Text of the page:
The government needs to provide charities with urgent financial aid, a parliamentary committee has told the chancellor.
Julian Knight, Conservative MP and chair of the Digital, Culture, Media and Digital Committee, has written to the chancellor to demand emergency funding for charities on the frontline of the fight against the coronavirus, as well as a “stabilisation fund” to support the sector as a whole.
Without government action, Knight says, some charities “will be insolvent within weeks”.
The committee heard evidence from charity leaders last week. At the hearing Karl Wilding, chief executive of NCVO, warned MPs that charities faced a financial shortfall of more than £4bn over the next three months as the coronavirus crisis started to hit the sector’s income.
Knight’s letter also outlines why the committee believes measures already rolled out to help private businesses are not sufficient to help charities.
“Charities are unable to furlough workers under the Coronavirus Job Retention Scheme at a time when staff are needed the most, while the restrictions on organisations that receive public funds accessing the scheme present a further barrier”, he says.
“Similarly, the Business Interruption Loan Scheme will not apply to charities that receive less than 50% of their income from trading, and charities claiming charitable rate relief are not eligible for the small business grant.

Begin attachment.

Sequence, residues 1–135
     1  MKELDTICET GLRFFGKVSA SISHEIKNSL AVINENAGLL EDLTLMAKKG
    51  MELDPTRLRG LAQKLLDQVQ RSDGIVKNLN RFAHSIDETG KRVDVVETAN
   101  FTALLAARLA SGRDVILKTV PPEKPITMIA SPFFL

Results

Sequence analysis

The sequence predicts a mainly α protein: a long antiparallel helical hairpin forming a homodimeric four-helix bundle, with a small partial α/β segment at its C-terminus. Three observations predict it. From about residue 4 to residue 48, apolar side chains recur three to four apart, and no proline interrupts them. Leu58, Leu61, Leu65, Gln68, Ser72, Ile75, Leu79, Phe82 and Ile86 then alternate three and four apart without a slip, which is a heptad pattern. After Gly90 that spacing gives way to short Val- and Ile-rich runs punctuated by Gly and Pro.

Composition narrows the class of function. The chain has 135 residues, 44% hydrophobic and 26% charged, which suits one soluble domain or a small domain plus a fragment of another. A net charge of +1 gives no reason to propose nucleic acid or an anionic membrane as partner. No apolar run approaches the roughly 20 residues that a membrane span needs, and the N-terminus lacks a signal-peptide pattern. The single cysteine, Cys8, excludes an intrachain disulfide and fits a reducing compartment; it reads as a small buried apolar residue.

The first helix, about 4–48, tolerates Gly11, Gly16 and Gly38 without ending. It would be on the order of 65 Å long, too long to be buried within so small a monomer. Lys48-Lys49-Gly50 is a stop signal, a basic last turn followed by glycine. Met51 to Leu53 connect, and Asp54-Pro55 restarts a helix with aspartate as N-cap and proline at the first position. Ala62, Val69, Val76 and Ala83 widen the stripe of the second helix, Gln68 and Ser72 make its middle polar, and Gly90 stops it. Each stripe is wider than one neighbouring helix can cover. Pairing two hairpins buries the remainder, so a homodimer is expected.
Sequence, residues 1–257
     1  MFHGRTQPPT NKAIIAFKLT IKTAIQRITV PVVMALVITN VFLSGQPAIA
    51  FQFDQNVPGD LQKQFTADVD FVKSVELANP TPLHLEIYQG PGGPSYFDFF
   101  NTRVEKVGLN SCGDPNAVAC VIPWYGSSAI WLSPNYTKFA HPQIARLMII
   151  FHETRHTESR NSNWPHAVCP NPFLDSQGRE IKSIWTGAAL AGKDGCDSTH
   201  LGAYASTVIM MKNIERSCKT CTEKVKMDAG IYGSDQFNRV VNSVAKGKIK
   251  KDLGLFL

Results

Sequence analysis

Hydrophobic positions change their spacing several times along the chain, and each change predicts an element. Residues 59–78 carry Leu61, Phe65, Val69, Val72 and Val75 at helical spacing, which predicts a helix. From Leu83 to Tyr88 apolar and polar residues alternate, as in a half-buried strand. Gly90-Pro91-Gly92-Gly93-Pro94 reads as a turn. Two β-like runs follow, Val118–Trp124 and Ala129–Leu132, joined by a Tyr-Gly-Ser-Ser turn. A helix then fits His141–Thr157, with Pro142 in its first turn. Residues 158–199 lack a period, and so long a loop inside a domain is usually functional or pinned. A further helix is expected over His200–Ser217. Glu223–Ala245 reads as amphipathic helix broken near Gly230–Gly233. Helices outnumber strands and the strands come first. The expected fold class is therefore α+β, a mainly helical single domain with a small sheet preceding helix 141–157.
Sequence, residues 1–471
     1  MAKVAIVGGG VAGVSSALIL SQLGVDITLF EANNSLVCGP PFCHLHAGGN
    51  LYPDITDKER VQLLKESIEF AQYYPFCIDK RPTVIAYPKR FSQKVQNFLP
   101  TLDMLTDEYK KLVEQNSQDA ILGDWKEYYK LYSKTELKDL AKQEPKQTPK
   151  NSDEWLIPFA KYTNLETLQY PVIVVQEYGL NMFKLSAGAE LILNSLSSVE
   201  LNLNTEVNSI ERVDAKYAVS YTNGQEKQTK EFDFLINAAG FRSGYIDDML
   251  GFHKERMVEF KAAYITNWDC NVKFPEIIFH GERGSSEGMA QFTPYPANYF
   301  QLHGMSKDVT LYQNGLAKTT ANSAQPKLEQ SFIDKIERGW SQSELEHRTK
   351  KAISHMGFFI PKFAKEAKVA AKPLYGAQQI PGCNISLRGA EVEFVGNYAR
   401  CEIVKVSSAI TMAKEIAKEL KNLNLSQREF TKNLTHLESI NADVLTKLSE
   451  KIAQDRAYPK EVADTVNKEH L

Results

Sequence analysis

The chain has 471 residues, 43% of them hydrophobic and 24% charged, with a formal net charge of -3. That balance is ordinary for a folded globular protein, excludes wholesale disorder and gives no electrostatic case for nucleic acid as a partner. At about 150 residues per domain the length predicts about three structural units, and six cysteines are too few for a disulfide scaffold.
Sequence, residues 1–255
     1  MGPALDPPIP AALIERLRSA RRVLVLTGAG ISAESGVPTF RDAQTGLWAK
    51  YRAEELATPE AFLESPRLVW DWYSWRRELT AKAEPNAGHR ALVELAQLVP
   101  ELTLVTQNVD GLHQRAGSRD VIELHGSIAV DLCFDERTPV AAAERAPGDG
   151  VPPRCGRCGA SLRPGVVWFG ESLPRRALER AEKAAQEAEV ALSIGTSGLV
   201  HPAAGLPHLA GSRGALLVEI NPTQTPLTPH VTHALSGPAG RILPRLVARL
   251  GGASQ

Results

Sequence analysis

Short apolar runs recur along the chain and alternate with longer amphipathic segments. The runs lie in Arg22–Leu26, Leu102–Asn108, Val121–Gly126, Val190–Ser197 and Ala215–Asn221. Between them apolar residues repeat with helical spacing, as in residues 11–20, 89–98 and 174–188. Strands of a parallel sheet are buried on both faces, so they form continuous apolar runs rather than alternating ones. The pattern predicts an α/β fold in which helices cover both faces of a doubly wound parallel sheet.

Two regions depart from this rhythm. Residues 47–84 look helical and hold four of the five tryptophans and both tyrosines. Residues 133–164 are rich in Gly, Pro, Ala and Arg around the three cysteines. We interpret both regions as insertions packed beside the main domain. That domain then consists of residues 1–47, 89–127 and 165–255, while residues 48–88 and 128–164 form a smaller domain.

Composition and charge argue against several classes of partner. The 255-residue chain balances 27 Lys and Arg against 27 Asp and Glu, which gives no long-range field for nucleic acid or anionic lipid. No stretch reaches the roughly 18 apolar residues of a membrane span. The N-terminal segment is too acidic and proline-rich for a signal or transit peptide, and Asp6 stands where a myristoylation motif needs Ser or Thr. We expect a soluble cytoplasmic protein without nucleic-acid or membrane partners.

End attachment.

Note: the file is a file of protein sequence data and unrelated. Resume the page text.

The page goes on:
“The committee fully understands the constraints that the government are working under. Yet the situation facing charities demands an urgent response: without action, some will be insolvent within weeks, and even large charities will find their reserves depleted and their work curtailed.”
Knight does not put a figure on the financial support the Treasury should provide to charities.
He also asks the government to amend some existing schemes to make them better suited to charities. This includes a request that staff furloughed by charities can return to that charity as a volunteer, an exemption for charities who need business loans but make less than 50% of their income from trading, and making sure that organisations claiming charitable rate relief are not excluded from small business grants.
Knight’s letter is the latest in a series of demands from across the political spectrum asking the government to provide charities with greater financial assistance. Yesterday the former charities minister Tracey Crouch added her voice to calls for an emergency fund. Three of Crouch’s predecessors in the job, Rob Wilson, Nick Hurd and Kevin Brennan, have also spoken out.